Business

Supermarket sells food past ‘best before’ date

supermarket-basket-sky-news_4173719
Tinned goods and dried foods will be reduced to 10p at participating Co-op stores

A supermarket chain has become the first big retailer to sell food that is past its "best before" date to cut down on food waste.

From now on, shoppers at the East of England Co-op's 125 stores will be able to buy a range of tinned goods like beans and as well as dried foods such as crisps, chocolates, cereals, nuts, cake, coffee, tea, pasta and rice for 10p.

Guide to new policy from CO-OP
The new policy idea from East of England CO-OP

The move forms part of the chain's The Co-op Guide to Dating, and runs with the slogan: "Don't be a binner. Have it for dinner!"

Best before dates are about quality – not safety – and food is safe to eat after this date but may be past its prime, according to the Food Standards Agency.

It estimates the UK throws away seven million tons of food each year, the majority of which could have been eaten.

Roger Grosvenor speaking to Sky News
Roger Grosvenor says Suffolk council support the idea

Roger Grosvenor, joint chief executive of East of England Co-op, said customers appreciated the opportunity to save money.

He told Sky News hundreds of thousands of pounds worth of items had flown off the shelves during the scheme's three-month trial period in 14 stores.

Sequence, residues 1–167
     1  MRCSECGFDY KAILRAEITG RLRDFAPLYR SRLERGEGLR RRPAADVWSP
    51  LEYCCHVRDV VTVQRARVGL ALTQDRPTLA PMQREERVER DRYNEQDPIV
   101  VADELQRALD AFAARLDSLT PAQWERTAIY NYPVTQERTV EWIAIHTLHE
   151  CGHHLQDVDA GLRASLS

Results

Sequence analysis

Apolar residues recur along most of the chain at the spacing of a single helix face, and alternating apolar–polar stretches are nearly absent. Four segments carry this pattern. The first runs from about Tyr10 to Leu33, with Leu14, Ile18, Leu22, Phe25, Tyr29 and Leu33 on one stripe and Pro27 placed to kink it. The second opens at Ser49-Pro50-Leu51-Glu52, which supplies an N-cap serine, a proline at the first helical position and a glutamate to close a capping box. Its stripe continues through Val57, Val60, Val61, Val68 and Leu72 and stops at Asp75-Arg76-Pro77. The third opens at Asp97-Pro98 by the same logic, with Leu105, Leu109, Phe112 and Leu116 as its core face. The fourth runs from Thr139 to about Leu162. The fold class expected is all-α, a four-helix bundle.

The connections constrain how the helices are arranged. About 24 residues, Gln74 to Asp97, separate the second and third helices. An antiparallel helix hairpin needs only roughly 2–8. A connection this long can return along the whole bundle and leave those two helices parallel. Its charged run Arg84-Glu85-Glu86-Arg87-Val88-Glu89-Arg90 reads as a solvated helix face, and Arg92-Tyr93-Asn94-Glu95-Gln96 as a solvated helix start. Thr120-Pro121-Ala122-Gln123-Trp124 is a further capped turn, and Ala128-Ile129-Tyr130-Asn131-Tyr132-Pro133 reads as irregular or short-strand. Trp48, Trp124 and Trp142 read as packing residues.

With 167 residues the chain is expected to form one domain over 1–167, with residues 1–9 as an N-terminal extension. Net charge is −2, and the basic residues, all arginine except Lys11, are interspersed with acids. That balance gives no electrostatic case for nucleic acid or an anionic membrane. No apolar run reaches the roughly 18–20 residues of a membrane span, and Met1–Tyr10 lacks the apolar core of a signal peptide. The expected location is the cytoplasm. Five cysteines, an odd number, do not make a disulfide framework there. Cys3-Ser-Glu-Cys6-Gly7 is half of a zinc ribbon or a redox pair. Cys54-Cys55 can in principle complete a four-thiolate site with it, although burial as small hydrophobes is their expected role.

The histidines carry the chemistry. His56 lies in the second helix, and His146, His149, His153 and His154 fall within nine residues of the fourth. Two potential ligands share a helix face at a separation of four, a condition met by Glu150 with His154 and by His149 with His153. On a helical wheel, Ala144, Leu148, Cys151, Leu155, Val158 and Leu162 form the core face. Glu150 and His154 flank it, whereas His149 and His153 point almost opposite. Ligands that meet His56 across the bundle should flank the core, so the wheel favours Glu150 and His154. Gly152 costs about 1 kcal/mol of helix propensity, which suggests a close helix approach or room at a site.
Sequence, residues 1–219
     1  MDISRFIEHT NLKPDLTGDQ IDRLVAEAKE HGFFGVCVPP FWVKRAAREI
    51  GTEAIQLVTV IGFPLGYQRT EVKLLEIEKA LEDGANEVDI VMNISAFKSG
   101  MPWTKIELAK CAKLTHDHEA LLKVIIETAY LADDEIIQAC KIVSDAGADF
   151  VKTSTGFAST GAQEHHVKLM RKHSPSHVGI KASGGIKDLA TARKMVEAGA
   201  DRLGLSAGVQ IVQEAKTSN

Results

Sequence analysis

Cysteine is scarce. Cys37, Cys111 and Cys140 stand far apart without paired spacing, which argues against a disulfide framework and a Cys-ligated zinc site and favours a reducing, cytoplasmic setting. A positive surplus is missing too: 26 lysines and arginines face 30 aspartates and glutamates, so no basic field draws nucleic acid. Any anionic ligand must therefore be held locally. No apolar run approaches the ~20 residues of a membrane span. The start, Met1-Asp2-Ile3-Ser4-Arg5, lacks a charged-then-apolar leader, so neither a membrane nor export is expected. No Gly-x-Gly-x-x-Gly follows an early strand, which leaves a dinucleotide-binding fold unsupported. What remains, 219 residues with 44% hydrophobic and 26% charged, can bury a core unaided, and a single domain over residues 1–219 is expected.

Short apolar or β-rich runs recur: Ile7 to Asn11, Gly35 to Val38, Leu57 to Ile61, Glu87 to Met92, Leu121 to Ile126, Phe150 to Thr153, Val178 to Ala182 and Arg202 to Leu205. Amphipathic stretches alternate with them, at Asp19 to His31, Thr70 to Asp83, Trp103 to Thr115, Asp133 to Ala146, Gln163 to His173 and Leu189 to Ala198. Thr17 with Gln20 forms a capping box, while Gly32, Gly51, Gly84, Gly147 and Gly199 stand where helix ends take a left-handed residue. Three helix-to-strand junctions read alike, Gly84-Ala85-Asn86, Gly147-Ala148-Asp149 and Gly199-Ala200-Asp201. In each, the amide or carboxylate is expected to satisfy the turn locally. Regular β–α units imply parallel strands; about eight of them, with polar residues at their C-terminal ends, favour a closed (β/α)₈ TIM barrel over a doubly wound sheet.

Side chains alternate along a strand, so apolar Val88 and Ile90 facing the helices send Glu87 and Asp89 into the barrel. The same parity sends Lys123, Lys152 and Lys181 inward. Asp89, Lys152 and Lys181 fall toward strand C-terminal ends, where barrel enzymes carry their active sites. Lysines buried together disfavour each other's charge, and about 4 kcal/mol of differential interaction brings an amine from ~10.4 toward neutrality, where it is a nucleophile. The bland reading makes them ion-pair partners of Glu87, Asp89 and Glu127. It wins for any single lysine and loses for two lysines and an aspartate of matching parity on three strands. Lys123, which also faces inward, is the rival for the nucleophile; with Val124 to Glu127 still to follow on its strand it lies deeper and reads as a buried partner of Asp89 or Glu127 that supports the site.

Mr Grosvenor said it was not a money-making exercise, but by selling perfectly edible food it could save 50,000 plus items every year from going to waste, adding that the majority of customers understand they are fine to eat.

Aldi supermarket
Aldi will redistribute leftover food to those in need on Christmas Eve

"We tried giving it away, but nobody will accept products that you give away – there is almost a mistrust," he said.

"These are early days, but what we are seeing I think… the amount of product that would have gone could be £400,000.

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"Fresh fruit we haven't tackled yet, but we are going to. The first things we tackled were packets, bottles and cans, and then we are going to move on to fresher products like green grocery, because there is a huge amount that finds its way to the bin, that doesn't need to."

In addition, budget supermarket Aldi has urged charities and other local organisations to get in touch because it wants to give away its leftover food – an estimated 20 to 30 crates – from each of its stores from 4pm on Christmas Eve.

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Source – News.sky.com

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